by Michele Fry
I love The Poet X by Elizabeth Acevedo. I’ve never read a novel written wholly in verse before, so that was a treat, as was Xiomara’s strong, fierce, and powerful voice. I fell in love with Xiomara from the very beginning and was willing her on, wanting her to find a way to voice her feelings and questions, her fears and her experiences of being a young black woman who’s talked over, talked down to, or simply ignored at every turn. This book made me cry, made me cheer, and made me happy to have met Xiomara, a beautiful, brave, black girl. I cannot
recommend it highly enough.
I extra love (!) Passing Strange by Ellen Klages a fascinating and compelling historical love story with supernatural/fantastical elements about a bisexual artist and a lesbian singer. Set in San
Francisco in 1940, it looks at the ways in which queer cis and enby women try to express their queerness and/or nonconformity to the gender binary [sic] while still complying with the law. It’s a tragedy with a happy ending.
The Green Man’s Heir is EVERYTHING I love about Juliet McKenna’s work:
a skilful, careful, and seamless blend of folklore, mythology, and fantasy sensibilities with a modern setting and modern concerns regarding ecological & environmental issues, masculinity, news reporting, and policing, but without a single moment of hectoring or lecturing. And all wrapped up in a compelling tale that will make you want to read all night.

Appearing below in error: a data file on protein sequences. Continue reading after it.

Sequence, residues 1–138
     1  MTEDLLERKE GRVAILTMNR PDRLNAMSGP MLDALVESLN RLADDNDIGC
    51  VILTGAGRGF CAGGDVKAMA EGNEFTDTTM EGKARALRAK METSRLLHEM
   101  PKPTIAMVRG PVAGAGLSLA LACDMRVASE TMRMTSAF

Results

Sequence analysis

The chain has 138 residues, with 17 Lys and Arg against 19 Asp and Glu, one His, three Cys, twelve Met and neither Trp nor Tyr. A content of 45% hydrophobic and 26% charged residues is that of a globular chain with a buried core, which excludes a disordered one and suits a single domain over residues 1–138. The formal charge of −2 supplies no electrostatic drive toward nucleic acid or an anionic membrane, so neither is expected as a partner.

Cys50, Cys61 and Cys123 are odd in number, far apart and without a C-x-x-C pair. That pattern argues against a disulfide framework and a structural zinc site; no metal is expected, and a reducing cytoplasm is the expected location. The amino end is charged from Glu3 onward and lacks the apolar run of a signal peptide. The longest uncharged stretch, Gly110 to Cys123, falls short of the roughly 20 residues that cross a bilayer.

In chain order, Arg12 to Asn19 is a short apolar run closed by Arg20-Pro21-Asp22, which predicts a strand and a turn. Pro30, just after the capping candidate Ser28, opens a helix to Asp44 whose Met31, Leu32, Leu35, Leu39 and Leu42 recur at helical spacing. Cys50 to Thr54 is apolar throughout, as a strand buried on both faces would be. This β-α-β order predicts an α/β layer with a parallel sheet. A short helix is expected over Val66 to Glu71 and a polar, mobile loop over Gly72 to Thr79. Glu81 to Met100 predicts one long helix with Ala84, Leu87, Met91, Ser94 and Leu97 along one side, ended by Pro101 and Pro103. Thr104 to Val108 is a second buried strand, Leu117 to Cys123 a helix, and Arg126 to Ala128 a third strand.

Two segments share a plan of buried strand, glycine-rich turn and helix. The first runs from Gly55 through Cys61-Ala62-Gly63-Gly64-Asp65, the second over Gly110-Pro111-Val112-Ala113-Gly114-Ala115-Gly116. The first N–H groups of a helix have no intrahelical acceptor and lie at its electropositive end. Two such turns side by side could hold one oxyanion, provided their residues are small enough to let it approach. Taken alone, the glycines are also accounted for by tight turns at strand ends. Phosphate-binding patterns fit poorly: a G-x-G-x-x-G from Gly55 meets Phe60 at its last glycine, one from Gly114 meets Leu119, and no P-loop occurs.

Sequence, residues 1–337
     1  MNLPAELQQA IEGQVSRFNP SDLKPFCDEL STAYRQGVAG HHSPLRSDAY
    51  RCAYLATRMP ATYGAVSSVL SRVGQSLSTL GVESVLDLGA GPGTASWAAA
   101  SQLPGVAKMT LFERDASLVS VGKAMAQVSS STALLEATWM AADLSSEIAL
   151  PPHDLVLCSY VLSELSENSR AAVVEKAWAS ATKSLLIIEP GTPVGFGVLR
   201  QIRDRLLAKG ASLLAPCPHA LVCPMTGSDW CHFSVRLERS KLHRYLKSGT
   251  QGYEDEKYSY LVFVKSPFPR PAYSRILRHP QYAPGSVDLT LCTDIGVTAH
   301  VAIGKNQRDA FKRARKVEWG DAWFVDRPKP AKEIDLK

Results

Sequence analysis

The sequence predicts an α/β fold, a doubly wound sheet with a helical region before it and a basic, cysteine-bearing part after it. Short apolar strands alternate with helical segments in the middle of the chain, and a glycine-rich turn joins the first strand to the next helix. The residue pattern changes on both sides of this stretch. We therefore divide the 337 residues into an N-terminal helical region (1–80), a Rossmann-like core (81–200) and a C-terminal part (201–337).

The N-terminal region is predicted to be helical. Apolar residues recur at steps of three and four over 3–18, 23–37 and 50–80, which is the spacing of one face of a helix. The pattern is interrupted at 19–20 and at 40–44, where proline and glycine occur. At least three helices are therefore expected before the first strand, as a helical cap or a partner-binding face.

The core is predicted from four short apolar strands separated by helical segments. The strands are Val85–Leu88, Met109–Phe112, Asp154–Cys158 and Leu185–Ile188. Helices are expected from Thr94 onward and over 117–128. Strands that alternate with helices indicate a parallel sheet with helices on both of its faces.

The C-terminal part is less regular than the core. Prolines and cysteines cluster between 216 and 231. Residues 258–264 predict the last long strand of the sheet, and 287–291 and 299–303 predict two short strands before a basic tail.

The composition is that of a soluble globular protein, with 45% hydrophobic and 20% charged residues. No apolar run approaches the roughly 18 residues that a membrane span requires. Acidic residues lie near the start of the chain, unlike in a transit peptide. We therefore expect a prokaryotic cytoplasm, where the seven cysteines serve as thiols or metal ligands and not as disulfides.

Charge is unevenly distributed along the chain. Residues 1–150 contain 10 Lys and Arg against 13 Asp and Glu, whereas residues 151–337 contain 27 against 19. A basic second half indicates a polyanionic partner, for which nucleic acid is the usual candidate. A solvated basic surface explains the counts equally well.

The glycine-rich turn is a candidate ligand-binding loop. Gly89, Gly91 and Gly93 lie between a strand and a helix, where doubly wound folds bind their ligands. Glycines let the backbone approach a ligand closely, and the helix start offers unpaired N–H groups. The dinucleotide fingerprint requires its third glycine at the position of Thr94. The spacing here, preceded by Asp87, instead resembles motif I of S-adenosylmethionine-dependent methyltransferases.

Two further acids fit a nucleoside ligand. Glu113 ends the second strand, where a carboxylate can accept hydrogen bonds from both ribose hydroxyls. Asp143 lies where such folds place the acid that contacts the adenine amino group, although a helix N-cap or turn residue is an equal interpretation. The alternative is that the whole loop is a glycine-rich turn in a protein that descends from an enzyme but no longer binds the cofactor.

The Black God’s Drums by P. Djèlí Clark is totally immersive (I read it in less than a day), full of well-crafted worldbuilding (of the alternate Black history kind), intriguing mythology, engaging and well-rounded characters whom I found utterly fascinating, and it was at once exactly the right length (for the story it told), but far too bloody short (because I need more, more, MORE (please!) about Jacqueline and Captain Ann-Marie of the airship Midnight Robber.
When the Letter Comes by Mx Sara Fox is a story about magic, growing up, being left behind, becoming someone different, with a transgender protagonist whose younger sister gets invited to go to magical school while Henry (she hasn’t decided on a new name yet, but she will one
day) is left behind. Then a war comes, and Henry meets Caden, who’s non-binary and who brings Henry to where her sister Gabrielle is involved in a war between those who think technology is destroying magic, and those who don’t. And all the time Henry is struggling to feel comfortable in her skin, to accept who she is, and struggling with others, particularly her parents’, difficulties with accepting who she is. This is a beautiful, compelling short story that gripped me from the first line.